If we calculate the frequencies for a time series with d = 1 , then p 12 is an average over t = 1 , , T 1 . To determine p 12 from the three patterns on the left, we averaged over t = 1 , , T 2 . When we took the three patterns on the right, we averaged over t = 2 , , T 1 . There was a marginal difference. Moreover, the exclusion of missing and equal values can be different for patterns of different lengths, as demonstrated above. Such marginal effects were the reason for the difference in the two expressions for β in (3). Actually, (3) is a corollary of (10) and p 321 + p 312 + p 213 = p 21 ; see [9].
As an example, we determined for Figure 3 the frequencies of the patterns 12 and 21, that is x t < x t + d and x t > x t + d . For d = 1 , we had n 12 = n 21 = 3 , and for d = 2 , we obtained n 12 = 3 , n 21 = 4 . When we determined β ( d ) = p 12 ( d ) p 21 ( d ) , we obtained β ( 1 ) = 0 , β ( 2 ) = 1 / 7 . If we used the definition β ( d ) = p 123 ( d ) p 321 ( d ) in (3), we obtained β ( 1 ) = 1 / 5 , β ( 2 ) = 1 / 4 .
For T 300 and d = 1 or 2, such marginal effects are really harmless. For large d , however, they can become larger since the margins of (10) will involve d time points on the right and left end of the time series. This can be a problem when we have a downward trend at the beginning of the series and an upward trend at the end. For EEG brain data, we helped ourselves by defining the parts of the large series not by equal length, but by zero crossings of the time series from the positive to the negative side [11]. Other data may require other solutions for improved estimates of pattern frequencies.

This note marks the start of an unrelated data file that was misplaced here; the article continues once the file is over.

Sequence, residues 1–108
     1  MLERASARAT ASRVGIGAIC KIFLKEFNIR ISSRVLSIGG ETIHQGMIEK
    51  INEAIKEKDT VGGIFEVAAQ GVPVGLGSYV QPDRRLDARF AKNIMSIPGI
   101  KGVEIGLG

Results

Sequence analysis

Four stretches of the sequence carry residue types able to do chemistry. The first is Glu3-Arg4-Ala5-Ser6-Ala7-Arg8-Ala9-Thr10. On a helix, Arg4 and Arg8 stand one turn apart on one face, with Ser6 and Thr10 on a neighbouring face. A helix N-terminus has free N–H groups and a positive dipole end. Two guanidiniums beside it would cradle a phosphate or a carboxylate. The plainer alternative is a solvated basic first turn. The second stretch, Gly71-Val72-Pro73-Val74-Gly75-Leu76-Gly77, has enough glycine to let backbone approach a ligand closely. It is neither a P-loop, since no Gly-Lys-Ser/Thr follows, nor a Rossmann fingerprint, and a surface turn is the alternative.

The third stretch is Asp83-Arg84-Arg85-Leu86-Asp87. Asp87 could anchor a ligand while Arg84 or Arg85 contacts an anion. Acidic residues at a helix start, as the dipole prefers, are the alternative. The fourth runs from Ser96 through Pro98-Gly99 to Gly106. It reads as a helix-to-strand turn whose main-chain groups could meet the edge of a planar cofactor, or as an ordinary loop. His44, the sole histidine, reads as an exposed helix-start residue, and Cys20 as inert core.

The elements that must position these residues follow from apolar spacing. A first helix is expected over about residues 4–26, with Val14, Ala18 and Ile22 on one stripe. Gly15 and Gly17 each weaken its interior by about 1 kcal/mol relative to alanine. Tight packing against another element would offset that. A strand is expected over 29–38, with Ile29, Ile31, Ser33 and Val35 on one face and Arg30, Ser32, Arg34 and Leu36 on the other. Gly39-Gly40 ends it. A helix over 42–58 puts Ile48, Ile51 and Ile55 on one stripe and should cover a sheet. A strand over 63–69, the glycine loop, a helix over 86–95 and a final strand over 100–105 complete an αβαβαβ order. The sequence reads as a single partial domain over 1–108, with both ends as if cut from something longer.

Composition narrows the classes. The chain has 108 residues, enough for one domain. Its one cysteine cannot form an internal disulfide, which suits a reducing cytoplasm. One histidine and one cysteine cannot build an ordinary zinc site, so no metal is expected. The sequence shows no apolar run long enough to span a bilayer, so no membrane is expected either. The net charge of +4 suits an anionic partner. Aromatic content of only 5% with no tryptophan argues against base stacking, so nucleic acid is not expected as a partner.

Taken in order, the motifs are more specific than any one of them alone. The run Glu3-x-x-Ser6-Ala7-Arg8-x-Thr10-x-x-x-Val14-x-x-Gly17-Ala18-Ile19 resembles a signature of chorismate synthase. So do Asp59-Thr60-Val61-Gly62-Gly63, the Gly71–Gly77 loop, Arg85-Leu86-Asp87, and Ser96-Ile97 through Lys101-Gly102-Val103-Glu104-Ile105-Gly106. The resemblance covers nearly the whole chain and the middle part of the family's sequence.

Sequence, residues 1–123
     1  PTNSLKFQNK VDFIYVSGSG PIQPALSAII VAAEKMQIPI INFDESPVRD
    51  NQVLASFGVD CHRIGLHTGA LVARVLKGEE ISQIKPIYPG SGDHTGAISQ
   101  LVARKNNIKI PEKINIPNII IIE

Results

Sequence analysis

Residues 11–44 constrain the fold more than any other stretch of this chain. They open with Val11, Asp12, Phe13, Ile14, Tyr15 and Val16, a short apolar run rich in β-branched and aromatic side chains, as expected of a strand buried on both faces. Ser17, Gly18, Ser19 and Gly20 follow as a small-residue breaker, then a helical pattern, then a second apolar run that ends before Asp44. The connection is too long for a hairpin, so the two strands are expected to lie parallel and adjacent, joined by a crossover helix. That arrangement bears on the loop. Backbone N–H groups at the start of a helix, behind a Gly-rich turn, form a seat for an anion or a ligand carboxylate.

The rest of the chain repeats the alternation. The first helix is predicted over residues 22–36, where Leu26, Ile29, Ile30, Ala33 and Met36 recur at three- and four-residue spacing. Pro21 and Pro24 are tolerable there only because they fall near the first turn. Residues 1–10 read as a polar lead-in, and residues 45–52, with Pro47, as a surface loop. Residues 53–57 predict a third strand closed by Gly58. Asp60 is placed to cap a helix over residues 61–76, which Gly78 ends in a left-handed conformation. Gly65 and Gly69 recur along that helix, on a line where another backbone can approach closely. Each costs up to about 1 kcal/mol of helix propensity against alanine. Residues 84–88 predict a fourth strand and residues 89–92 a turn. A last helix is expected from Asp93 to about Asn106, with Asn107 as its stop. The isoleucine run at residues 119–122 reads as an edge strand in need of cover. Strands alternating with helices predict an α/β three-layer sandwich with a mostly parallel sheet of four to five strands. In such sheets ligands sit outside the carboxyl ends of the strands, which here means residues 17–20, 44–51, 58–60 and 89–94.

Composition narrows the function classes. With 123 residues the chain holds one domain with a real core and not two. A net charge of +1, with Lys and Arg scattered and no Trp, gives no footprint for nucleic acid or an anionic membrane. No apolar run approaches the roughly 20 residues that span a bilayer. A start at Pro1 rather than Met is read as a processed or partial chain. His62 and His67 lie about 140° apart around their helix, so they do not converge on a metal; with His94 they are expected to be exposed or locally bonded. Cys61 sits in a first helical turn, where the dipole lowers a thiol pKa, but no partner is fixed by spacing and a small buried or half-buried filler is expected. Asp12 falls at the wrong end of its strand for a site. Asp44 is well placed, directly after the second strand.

5.3. Classical Autocorrelation

The classical autocorrelation function ρ (see [17,18]) measures the degree of coincidence of the time series with a copy shifted by d time steps. Thus, autocorrelation is large for small d . It will decrease, and the rate of decrease reflects the memory of the underlying process. If we have a periodic dynamics, autocorrelation will be large at the period, and small, mostly negative, at the half period. Moreover, the sign of ρ can indicate an increasing or decreasing trend. The last point is not quite correct, because a trend will exclude stationarity, and then, strictly speaking, we cannot estimate autocorrelation.